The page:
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Mapping the proposed high-speed rail routes through Alhambra

The California High-Speed Rail Authority announced this week that it has delayed decisions on a route through the Alhambra area until 2011. Dan Bednarski, who maintains the blog, http://www.alhambra123.org/, recreated approximate renderings of the proposed paths through Alhambra using Google Earth. Of the three routes, Option C is the only one that would not likely require homes to be destroyed.

Option A:

Option A is a 100 MPH curve near Fremont Ave. The curve would slice through the neighborhood between the I-10 freeway and Granada Park. The train would then resume down the center of the freeway along the Metrolink right of way.

Option B:

Option B is a 75 MPH curve near Fremont Ave. The curve could have a northern approach, which would then lead the train along the southern edge of I-10 freeway. It could also have a southern approach which would then lead the train along the northern edge of the I-10.

Option C:

Option C would be a 50MPH curve near Fremont Ave. The curve would directly follow the Metrolink right of way and remain in the center of the freeway.

Dan requests that if you are in San Gabriel, Rosemead, or any other area city and get maps or other information that would allow us to recreate the map through your neighborhoods, let him know.

The next meeting hosted by the High-Speed Rail Authority will be in El Monte on October 6.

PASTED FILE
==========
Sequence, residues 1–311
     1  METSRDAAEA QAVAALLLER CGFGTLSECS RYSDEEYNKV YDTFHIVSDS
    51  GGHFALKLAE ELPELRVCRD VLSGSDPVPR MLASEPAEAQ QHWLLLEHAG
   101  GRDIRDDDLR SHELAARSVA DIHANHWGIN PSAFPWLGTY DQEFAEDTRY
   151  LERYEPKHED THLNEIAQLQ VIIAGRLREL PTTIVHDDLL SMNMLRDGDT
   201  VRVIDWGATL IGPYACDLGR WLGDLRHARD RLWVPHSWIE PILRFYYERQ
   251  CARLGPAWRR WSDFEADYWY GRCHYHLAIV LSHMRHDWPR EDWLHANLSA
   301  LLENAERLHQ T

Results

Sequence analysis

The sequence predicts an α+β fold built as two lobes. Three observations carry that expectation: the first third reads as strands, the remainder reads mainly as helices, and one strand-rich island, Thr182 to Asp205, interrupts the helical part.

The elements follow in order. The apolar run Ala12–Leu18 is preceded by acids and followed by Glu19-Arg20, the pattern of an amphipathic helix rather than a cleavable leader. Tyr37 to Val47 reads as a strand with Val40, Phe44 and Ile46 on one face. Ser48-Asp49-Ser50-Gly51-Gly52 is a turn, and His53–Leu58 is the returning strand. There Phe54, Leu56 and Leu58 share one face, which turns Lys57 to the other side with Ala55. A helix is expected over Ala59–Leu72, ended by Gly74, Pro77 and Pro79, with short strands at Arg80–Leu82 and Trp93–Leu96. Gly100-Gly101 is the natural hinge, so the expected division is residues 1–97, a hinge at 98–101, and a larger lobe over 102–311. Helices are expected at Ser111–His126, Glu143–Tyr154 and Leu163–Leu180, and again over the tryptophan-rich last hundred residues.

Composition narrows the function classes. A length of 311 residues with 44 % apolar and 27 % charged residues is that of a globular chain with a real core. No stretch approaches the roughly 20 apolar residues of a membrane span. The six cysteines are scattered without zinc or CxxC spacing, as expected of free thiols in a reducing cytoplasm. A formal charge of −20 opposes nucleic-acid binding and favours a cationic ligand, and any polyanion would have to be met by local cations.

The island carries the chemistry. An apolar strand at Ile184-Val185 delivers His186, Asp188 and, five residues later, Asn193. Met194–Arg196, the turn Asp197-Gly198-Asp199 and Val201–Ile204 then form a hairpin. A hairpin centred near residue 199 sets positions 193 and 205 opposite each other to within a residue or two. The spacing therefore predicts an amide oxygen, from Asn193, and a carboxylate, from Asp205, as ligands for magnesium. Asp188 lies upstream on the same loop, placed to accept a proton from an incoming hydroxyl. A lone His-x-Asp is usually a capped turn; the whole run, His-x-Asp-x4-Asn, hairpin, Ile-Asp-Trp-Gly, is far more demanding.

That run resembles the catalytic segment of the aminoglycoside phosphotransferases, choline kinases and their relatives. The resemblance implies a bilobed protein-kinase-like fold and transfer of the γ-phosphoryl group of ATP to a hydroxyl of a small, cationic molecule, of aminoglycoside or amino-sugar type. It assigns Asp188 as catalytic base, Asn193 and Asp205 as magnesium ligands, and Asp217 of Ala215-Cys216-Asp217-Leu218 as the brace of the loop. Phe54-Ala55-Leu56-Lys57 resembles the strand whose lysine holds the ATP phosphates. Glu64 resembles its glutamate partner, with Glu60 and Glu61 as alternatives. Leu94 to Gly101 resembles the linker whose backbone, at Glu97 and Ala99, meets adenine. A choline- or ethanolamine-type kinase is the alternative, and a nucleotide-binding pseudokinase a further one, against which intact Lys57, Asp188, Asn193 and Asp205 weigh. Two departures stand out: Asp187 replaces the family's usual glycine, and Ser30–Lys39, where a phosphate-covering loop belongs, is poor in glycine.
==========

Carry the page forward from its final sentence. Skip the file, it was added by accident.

The Alhambra Source encourages comment on our stories. However, we do not vet comments for accuracy or endorse links to posts in the comment section. The thoughts and opinions expressed belong solely to the author of the comment.

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2 thoughts on “Mapping the proposed high-speed rail routes through Alhambra”

  1. Option B’s Northern approach is very close to Fremont Elementary School.

  2. I’d like to note that the actual affects of Option C, routing the high speed trains only along the Metrolink right of way down the center of the I-10 freeway, will not be known until the environmental impact studies are begun. The Rail Authority will not do much or enough design work, or even talk in-depth with Metrolink or Caltrans, until that point. For now, everything is based on conceptual designs for how it might look and operate. That said and despite the information vacuum, we can take estimated guesses as to the expected effects upon Alhambra based on available information and the design in other segments of the high speed rail system.

    For example, the Metrolink right of way is 20 feet wide. Currently, Rail Authority documents state it will need 50 feet, at a minimum. If the Rail Authority design requires more than 20 feet, it will need to acquire property along the I-10 with which it can trade with Caltrans for the additional space it needs (i.e. it will condemn homes and seize property by eminent domain). On the other hand, it can create a design that would run freeway traffic under an elevated structure. Then again, running auto traffic under an elevated structure may interfere with any contract or property rights freight and other train operators have to the Metrolink right of way. Ending those contracts or seizing such property rights would need approval of federal regulators and likely courts.

    In the end, we just won’t know until environmental review studies begin and design work begins in earnest whether Option C will encroach into our neighborhoods or impact our schools. My goal is to prevent us from ever getting to that point.